Consider the forthcoming baby. It gets popped out of a lovely oceanic existence aware of no social needs and no responsibilities. After rudely thrust into reality its parents immediately start the process of thwarting it. Obviously, such training is necessary because the infant has to learn the difference between toilets and diapers and assume responsibility for its actions. The infant learns there are goodies in reality and wants them. As it ages, it learns the word “mine,” in its mad desire to own everything. Growing up requires massive thwarting of human desires in service of civilization. Kids quickly find out that if they act right their parents (really, giants who control their lives) will do nice things for them, but self-control is the key. It is a clumsy way to produce the next generation, but what can you do?

A woman I knew, who loved her husband literally danced with joy when he left on a trip so she could be alone and free. Free? Free to do what? Whatever it was, she didn’t think her husband would approve. How’s that for a sense of marital stuckness?

I'm sure you can see how being thwarted is a major aspect of civilization. We suppress ourselves, we don't punch others for whatever slights have occurred. We smile in the face of others dullness and express delight at being fed detestable food by our hosts. I want a hamburger, why am I given cold zucchini soup? Bah, humbug!

Or consider restaurants. We pay for food and service and ambiance adds to the pleasure. But, often enough, the food is indifferent and the service sparse and most, yes most of us stoically put up with such indignities. And, we even provide a generous tip!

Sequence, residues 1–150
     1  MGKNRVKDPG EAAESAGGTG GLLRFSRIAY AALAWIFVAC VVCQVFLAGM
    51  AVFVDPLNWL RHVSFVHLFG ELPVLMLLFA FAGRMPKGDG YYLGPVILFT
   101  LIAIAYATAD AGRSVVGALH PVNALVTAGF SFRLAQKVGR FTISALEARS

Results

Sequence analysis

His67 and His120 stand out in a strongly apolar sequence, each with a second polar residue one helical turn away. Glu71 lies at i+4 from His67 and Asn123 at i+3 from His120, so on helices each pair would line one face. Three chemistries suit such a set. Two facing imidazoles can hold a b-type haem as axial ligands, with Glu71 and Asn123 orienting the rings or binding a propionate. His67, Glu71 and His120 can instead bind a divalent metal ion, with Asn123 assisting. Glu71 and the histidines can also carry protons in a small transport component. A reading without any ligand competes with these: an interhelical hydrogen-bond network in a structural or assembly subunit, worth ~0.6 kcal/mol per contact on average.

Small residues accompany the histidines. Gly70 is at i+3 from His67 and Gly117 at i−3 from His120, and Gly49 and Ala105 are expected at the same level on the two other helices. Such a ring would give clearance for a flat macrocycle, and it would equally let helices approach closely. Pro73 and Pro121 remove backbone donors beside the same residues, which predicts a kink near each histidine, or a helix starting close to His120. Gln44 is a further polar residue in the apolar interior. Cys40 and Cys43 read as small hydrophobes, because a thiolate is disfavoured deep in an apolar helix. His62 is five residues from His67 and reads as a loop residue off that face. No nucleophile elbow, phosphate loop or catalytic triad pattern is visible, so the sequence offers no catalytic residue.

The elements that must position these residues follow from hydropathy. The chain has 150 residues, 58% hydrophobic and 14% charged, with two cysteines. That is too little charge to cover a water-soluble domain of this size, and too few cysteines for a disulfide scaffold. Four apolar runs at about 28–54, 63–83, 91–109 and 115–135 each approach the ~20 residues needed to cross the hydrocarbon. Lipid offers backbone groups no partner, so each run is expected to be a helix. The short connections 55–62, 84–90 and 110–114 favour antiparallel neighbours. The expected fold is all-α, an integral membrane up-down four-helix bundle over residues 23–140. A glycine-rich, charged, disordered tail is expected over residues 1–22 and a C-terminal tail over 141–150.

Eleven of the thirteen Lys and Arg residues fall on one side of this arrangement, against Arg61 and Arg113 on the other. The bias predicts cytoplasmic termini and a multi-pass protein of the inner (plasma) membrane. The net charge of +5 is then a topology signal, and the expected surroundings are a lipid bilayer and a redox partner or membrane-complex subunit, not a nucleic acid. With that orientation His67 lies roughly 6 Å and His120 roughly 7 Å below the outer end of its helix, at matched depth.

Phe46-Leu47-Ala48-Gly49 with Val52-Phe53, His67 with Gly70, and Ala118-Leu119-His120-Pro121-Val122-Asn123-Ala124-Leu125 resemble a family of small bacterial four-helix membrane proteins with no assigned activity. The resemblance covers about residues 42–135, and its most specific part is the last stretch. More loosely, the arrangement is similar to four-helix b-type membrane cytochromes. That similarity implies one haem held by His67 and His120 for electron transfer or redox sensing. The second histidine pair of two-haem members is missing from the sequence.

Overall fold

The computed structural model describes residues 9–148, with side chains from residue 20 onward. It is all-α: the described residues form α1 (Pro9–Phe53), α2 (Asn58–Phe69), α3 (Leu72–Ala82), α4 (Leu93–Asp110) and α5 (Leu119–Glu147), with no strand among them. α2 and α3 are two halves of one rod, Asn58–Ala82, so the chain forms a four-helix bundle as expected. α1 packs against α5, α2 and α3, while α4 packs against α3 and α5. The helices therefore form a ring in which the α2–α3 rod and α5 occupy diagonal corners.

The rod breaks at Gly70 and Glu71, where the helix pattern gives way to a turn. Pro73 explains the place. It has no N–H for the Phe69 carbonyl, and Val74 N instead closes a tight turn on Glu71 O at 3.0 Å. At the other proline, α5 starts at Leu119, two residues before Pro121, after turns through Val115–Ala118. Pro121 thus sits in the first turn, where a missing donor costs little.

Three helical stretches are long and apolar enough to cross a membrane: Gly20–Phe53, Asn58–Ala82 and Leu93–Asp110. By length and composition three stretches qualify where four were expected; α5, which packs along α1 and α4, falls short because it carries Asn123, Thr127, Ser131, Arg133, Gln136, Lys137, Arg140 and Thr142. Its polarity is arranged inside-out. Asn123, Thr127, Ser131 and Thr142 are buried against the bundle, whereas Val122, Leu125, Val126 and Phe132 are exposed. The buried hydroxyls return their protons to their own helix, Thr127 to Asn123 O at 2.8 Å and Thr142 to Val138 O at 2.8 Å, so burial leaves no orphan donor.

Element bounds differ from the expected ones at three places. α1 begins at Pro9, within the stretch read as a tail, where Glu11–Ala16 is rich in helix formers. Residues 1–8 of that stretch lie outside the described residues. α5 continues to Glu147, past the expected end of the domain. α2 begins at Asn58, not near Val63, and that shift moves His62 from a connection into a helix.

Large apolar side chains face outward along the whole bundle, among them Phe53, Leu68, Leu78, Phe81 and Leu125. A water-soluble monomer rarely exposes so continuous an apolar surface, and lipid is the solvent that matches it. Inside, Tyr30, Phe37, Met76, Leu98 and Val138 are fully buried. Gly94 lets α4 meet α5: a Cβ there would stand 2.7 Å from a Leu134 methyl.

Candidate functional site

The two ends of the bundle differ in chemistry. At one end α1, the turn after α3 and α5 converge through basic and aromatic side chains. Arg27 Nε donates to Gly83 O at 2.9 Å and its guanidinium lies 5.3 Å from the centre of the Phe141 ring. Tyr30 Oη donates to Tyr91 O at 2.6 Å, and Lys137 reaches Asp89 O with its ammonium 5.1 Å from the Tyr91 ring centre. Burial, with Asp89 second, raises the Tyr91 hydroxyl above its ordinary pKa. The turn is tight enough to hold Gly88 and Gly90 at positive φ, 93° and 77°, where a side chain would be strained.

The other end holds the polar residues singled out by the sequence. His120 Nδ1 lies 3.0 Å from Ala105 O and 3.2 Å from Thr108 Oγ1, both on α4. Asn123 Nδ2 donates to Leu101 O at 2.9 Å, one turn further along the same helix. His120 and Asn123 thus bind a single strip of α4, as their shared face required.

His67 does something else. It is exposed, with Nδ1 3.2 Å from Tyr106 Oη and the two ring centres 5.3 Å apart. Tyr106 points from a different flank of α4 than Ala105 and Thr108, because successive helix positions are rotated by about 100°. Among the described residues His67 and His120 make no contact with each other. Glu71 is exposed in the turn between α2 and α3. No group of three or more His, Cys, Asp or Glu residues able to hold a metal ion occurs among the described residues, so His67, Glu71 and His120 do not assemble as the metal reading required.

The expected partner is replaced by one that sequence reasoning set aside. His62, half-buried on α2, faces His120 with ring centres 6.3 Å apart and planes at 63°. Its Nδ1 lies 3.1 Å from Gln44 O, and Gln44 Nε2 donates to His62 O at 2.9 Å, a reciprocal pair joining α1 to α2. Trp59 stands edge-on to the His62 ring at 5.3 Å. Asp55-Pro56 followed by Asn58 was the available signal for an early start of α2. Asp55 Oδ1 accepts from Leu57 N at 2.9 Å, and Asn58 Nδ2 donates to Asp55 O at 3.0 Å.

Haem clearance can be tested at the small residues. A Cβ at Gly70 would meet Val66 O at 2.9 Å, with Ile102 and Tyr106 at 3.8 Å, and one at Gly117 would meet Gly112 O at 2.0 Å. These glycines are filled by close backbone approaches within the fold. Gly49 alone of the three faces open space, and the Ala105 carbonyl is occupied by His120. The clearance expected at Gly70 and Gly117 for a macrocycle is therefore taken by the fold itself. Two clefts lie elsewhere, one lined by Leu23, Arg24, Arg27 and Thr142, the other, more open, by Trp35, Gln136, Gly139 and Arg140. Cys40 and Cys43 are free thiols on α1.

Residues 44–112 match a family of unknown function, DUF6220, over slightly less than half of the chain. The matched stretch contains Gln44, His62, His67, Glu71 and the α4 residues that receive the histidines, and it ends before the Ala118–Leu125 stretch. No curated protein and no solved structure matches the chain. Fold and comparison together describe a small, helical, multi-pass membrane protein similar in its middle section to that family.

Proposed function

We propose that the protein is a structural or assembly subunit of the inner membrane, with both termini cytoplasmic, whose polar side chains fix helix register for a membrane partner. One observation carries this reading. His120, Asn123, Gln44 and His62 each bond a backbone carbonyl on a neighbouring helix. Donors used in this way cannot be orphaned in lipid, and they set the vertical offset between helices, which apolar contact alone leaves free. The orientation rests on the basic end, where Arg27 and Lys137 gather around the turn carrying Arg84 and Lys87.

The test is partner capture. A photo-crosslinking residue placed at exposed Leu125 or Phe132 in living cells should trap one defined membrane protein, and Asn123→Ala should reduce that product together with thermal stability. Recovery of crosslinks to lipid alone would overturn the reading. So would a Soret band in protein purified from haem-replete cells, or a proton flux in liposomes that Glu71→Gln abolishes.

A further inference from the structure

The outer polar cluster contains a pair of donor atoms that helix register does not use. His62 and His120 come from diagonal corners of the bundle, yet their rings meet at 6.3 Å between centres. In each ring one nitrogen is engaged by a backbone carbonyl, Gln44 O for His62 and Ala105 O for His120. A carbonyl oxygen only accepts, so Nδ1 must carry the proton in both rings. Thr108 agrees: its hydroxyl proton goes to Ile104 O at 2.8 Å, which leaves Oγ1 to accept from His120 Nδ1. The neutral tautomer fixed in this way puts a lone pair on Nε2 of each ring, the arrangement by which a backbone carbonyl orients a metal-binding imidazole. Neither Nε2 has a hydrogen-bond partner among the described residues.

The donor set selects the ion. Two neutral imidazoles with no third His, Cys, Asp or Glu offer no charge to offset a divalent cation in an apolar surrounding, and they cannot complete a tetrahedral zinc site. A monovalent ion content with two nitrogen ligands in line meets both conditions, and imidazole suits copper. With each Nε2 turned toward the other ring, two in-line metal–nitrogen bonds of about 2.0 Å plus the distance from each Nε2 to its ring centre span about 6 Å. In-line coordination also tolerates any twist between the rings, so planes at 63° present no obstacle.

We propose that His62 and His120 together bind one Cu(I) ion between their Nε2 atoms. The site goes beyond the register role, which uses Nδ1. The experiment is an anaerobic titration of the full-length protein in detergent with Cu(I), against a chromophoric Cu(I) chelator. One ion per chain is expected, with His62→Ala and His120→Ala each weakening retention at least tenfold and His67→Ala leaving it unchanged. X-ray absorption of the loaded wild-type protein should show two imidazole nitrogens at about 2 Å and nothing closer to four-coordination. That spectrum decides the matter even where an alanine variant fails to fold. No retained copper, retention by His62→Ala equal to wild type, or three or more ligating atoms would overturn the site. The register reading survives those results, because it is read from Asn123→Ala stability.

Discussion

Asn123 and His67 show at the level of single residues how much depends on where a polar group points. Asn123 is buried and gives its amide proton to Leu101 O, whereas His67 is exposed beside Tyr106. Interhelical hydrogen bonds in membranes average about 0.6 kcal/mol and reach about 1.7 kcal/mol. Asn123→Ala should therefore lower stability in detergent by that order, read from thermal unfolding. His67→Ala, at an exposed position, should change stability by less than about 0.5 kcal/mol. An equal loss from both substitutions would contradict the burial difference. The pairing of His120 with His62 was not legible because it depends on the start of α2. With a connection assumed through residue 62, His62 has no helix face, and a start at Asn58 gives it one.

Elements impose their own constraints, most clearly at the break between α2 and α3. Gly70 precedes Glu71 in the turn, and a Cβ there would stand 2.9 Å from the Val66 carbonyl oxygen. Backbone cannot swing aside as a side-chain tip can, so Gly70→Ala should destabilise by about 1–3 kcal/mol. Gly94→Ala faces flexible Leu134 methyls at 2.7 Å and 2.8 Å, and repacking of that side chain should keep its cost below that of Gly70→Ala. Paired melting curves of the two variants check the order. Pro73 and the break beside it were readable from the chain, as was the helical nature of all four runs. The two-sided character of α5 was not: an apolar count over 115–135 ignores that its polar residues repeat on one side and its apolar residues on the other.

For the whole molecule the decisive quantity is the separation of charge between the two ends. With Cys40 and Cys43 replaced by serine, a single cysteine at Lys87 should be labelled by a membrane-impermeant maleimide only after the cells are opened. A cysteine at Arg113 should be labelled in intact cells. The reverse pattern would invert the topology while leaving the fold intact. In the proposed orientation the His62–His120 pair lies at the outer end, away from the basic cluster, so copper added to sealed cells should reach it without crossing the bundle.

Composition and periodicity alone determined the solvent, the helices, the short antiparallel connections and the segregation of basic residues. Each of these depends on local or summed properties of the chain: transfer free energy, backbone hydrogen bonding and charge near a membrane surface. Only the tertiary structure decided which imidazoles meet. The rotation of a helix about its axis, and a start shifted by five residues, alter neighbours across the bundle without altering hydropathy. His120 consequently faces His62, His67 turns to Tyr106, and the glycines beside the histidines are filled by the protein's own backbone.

So, the aging process has led me in a somewhat different life path. I notice, without any specific intent that I am becoming more curmudgeonly. Actually, it started many years ago in an Italian restaurant. Our waiter spoke with an Italian accent, no doubt to impress us. He obviously was not Italian and the accent was phony as a street corner Rollex. At the end of the meal, he disappeared, taking much too long to provide the bill. When he finally presented it to us with a supposedly Italian flourish, I said something how long he had taken to supply what we needed to get the hell out. He became instantly insulted and said not to leave him a tip; I acquiesced. My wife, as was her wont, became enraged, chided me for this, that, and last year’s accumulated sins. Her vision of life was to supinely accept others rudeness . . . except mine to her, which I never engaged in. In those days, I wasn't so sure of how I wanted to deal with all the crap, so remained mute.